Palaeomagnetism Lab Members

Faculty and Staff

  • Dr. James Channell (email: jetc@ufl.edu)Application of paleomagnetism to paleogeographies in mountain belts, notably in the Alpine-Mediterranean area. The objective has been to reconstruct the pre-deformational relative position of rock bodies (on scales from individual thrust sheets to entire continents). Also applies magnetic polarity stratigraphy to the generation of geologic time scales. Studies of the climate archive in sediments face the challenge of millennial-scale correlation of climate-proxy records that usually cannot be provided by the stable isotopes, biostratigraphy or radiometric ages. Variations in the intensity of the geomagnetic dipole field, when recorded in sediments, appear to provide the desired means of global correlation. High-resolution records of geomagnetic field behavior from Quaternary deep-sea sediment drifts have provided a clearer picture of the spatial and temporal characteristics of geomagnetic (secular) variation, including the detailed recording of polarity reversals and excursions that are now being used to constrain computer-generated models of the geodynamo. Fellow of the AGU.
  • Dr. Neil D. Opdyke (email: drno@ufl.edu)Paleomagnetism, magnetostratigraphy, paleoclimatology, and paleogeography of the Phanerozoic. Fellow of the AGU and member of the National Academy of Sciences.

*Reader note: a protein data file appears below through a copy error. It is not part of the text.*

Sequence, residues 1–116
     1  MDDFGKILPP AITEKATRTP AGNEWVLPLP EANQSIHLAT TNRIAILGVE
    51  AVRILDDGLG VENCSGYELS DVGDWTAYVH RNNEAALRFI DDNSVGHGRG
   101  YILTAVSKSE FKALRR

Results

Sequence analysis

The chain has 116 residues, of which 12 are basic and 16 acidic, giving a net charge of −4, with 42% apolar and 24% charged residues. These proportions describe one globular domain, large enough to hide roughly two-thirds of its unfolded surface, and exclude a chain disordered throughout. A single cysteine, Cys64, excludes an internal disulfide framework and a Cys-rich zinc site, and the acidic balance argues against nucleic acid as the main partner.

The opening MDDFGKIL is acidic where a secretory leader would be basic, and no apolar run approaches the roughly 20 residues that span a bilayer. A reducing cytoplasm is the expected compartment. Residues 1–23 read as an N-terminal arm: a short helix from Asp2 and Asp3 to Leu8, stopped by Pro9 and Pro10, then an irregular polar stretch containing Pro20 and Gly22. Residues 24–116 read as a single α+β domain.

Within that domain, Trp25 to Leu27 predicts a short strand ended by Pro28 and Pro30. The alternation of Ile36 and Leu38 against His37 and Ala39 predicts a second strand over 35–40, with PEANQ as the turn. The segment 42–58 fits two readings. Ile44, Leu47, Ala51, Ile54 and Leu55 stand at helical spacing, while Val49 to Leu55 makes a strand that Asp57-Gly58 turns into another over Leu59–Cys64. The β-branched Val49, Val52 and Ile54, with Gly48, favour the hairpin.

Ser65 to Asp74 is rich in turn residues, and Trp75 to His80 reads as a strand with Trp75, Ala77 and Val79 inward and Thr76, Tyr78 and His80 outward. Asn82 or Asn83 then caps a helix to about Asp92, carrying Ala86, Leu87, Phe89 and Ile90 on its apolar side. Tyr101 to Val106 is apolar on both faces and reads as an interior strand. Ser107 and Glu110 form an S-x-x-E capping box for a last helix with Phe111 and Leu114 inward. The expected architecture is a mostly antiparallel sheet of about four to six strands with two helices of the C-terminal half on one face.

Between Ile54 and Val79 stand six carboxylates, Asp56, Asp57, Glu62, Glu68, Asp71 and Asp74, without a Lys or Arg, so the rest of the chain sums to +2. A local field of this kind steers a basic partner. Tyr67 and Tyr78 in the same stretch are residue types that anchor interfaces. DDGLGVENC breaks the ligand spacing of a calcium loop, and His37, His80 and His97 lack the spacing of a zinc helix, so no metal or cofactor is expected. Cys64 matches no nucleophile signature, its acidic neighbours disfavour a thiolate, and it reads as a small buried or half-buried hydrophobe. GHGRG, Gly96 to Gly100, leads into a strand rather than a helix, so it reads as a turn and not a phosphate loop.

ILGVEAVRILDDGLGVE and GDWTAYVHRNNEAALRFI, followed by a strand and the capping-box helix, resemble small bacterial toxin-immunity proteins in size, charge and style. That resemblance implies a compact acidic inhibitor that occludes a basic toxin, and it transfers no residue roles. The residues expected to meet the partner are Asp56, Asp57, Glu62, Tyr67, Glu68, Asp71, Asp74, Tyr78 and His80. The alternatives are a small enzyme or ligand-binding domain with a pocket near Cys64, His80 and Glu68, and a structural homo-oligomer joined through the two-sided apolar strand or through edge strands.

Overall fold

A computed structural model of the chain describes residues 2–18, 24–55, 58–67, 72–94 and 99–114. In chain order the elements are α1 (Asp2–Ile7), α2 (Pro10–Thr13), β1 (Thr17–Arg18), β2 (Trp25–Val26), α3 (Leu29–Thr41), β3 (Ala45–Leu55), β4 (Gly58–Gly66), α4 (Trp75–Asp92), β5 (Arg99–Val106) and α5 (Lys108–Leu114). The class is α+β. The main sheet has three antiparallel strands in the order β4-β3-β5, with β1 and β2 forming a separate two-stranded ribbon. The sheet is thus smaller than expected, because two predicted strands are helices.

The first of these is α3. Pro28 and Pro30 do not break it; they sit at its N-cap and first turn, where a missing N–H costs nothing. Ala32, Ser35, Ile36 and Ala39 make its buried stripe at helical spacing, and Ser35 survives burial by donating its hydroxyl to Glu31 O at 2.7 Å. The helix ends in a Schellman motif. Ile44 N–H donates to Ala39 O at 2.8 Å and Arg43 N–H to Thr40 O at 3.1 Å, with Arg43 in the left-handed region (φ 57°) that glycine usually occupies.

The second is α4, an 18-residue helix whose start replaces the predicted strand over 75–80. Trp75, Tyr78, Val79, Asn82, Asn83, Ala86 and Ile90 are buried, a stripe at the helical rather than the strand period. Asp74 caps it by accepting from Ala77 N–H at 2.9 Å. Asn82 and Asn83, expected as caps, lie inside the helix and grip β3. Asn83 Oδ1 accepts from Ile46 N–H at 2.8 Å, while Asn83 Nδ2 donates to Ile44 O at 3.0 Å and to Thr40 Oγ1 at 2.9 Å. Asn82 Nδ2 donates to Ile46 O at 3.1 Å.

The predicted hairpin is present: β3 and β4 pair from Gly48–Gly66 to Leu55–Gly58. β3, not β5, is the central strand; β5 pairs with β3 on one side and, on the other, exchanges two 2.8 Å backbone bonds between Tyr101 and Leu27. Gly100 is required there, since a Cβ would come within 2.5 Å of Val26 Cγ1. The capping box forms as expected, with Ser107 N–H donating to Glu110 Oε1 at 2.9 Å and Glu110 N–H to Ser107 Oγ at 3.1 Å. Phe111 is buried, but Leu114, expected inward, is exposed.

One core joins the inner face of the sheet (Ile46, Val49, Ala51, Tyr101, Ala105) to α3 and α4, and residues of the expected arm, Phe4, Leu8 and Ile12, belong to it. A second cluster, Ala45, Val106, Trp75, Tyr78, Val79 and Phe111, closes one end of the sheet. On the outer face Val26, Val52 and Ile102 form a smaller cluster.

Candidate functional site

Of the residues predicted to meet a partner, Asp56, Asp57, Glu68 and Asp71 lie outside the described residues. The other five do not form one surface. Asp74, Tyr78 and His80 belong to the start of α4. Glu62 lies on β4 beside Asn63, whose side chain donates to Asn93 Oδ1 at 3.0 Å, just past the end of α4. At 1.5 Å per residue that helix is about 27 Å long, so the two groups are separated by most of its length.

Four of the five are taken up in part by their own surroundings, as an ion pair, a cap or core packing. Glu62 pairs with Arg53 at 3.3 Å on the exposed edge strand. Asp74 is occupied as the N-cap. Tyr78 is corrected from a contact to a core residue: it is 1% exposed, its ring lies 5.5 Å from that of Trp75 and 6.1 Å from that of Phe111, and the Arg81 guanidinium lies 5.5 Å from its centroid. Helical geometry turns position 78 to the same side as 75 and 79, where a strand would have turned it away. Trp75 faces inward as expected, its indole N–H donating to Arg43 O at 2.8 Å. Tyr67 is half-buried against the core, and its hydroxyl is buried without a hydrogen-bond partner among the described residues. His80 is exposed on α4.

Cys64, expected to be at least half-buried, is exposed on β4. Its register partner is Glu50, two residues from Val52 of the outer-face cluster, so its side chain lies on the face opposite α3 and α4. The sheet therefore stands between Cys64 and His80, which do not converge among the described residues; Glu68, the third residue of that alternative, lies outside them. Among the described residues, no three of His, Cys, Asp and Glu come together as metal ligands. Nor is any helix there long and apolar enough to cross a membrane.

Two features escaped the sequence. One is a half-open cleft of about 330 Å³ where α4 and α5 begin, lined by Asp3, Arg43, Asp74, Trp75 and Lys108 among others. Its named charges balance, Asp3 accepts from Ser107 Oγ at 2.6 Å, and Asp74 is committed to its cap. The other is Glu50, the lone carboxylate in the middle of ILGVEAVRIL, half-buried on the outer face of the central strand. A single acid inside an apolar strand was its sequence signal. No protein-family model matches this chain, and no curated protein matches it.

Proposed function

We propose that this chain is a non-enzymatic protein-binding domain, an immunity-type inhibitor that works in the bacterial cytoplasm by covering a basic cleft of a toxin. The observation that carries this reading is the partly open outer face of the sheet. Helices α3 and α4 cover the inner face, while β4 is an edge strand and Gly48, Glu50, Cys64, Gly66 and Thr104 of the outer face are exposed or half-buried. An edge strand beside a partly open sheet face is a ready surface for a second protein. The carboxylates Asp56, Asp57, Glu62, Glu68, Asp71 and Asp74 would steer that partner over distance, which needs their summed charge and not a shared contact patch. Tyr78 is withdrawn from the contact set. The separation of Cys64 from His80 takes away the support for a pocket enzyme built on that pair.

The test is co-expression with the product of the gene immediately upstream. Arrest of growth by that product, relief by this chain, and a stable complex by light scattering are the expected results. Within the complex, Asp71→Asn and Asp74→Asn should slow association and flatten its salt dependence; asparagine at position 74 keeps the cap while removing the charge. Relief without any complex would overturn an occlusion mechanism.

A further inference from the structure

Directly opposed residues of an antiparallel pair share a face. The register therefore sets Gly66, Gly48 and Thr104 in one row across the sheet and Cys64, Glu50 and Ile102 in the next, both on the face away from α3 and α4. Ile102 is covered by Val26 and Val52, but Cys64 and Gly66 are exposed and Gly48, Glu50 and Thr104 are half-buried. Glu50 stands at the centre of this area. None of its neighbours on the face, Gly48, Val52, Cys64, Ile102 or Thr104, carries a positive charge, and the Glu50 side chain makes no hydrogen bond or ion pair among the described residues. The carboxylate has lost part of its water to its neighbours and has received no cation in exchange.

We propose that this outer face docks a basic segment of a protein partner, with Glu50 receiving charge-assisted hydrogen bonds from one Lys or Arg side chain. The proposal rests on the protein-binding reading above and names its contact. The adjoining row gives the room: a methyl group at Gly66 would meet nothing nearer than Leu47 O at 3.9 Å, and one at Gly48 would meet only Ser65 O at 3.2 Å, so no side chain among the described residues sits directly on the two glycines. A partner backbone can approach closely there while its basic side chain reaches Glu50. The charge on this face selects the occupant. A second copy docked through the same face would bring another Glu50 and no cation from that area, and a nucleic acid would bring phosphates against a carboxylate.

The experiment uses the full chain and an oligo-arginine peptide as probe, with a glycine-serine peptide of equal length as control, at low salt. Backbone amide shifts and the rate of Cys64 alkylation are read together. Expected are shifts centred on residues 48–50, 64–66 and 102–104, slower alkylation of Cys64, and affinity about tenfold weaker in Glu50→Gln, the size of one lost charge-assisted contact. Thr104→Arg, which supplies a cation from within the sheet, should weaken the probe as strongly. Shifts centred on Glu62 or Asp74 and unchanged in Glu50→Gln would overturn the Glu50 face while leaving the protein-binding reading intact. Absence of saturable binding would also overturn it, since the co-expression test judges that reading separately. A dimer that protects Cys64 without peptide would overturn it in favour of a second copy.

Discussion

• Dr. Joseph G. Meert (email: jmeert@ufl.edu)Research is aimed at deciphering the assembly and breakup of Proterozoic-Early Paleozoic supercontinents using a combination of paleomagnetism and geochronology. The research bears directly on issues regarding ancient paleoclimates (such as the Snowball Earth hypothesis), geodynamics (plate speed limits and true polar wander) and the evolutionary pulse and the beginning of the Phanerozoic. He is also interested in the evolutionary behavior of the earth’s magnetic field and hypotheses regarding long-term non-dipole components.
  • Dr. Bruce J. MacFadden (email: bmacfadd@flmnh.ufl.edu)Vertebrate paleontology, magnetic stratigraphy of Cenozoic mammal-bearing deposits in the New World, systematics of fossil horses, and stable isotope paleoecological reconstruction.
  • Dr. Kainian Huang (email: knhuang@ufl.edu)Paleomagnetism and tectonics, especially the application of paleomagnetism to terrane motion, rotation and amalgamation in China. Management of the paleomagnetic laboratory.

Current Students

  • Daphne Douglas (M.S. Student, 2014)